Spring is the time of the gardening year when things get going, but it’s often difficult to determine when it starts or makes way for summer. A look at any seed packet or gardening article will state ‘sow in the spring’, ‘prune in the spring’ , ‘plant in the spring’ but when is the right time? At Reveley I have nearly convinced myself not to sow any seed inside until at least the 3rd week of March. In the greenhouse this prevents young seedlings needing more space than there is, and by sowing a little later they can be shifted into the cold frame quicker. A much worse dilemma for my friend who has no greenhouse and lost the battle with her teenage daughter that all window sills in the house including her bedroom were seedling growing on areas. Outdoors I have a much easier decision. I never sow anything directly into the ground out in the ornamental areas and in the veg garden until the soil has been turned over, and I allow the sun to warm the surface before sowing with the minimal amount of cultivation. If there is a flush of weed seedlings which shows the soil has warmed up, I hoe these out on the previous day. Spring pruning is done as the plant sap is rising, when the buds are just beginning to break. Mind you, even plants aren’t too sure when to start growing. As I walked along Elstree Rd this morning, one Horse Chestnut had its leaves uncurling while the two beside it have their buds firmly shut. With all pruning you need to know the flowering and growth characteristics of the plant so as not to end up with a non-flowering, non-fruiting blob. A general rule is shrubs that flower before July are pruned after flowering, those that flower later are pruned in the winter – but of course, this being gardening, there are exceptions. The perennials plants have all been cut down. I like to take them right to ground level rather than leave those little stubs which always get me when I kneel on them or scrape my knuckles when weeding later in the year. After some serious cutting back of trees and shrubs in the last few months, I have hopefully retired the loppers to the shed, which will not only be a relief to my shoulders but also to the returning nesting birds who have discovered they are homeless and will have to find alternative sites in the garden. Hope to see you in ‘Mabel’s’ soon for a nice cup of tea and a wander round the springing-into-life garden.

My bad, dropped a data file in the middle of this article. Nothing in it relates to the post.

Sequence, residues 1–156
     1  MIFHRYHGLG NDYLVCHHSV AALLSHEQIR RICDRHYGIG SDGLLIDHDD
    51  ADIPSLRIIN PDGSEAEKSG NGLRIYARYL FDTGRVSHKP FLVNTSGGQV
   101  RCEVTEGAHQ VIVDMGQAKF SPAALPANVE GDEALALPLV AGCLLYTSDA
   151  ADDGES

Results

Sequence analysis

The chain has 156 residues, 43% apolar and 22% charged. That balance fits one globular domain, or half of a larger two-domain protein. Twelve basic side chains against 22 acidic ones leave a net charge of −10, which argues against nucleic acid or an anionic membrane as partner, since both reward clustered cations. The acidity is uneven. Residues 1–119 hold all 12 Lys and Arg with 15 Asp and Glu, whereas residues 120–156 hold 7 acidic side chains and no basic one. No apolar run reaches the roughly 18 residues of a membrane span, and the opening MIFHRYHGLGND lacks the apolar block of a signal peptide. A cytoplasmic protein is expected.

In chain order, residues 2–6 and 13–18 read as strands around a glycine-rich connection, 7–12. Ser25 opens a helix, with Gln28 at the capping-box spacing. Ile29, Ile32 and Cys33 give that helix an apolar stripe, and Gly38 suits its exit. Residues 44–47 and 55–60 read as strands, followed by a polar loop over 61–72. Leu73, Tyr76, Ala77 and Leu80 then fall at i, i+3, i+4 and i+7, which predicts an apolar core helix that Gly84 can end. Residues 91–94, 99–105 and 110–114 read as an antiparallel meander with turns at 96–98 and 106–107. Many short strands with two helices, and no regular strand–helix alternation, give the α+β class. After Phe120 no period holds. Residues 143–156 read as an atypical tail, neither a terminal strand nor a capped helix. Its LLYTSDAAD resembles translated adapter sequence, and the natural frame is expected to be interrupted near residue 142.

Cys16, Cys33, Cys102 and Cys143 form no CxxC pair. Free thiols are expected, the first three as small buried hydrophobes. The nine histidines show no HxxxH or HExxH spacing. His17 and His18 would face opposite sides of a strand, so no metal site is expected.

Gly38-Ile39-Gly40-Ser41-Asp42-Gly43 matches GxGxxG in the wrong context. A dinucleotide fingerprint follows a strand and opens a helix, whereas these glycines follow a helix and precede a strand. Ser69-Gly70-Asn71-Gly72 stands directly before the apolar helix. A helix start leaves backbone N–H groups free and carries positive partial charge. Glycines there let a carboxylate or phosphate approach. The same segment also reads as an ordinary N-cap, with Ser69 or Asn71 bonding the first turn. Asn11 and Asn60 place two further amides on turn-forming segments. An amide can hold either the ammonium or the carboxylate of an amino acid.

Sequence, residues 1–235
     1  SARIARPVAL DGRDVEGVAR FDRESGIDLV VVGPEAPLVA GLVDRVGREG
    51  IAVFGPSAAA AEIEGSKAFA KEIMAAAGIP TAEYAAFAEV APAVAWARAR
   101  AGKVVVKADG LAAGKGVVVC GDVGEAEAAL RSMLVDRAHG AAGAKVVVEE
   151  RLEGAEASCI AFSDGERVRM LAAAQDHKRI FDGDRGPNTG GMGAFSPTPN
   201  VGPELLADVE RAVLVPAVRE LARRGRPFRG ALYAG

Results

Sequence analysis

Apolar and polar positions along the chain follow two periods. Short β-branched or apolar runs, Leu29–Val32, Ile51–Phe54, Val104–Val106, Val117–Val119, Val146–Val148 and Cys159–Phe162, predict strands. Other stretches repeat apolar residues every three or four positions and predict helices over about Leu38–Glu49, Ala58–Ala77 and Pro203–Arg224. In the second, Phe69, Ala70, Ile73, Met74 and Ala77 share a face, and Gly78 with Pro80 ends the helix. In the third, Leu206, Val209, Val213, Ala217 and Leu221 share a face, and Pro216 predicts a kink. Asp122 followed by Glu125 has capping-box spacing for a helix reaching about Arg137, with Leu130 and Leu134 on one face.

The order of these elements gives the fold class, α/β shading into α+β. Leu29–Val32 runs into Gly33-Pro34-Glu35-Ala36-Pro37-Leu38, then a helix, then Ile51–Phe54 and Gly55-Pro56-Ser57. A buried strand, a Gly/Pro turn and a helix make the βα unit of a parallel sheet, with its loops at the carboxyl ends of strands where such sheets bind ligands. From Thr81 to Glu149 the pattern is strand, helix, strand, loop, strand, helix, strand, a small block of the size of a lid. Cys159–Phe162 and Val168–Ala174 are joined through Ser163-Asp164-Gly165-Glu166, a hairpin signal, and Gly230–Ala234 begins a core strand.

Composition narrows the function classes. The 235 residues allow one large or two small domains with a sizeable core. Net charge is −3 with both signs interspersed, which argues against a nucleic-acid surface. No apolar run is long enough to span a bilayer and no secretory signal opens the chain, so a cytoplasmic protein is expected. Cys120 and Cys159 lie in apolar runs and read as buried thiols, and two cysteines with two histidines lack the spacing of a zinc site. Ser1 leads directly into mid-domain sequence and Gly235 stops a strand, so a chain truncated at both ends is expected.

I know I’m struggling a bit to keep the song references as titles for this blog , this one from the Hollies (horticultural ?) but we now have a new bus stop and raised kerb beside the entrance to Reveley.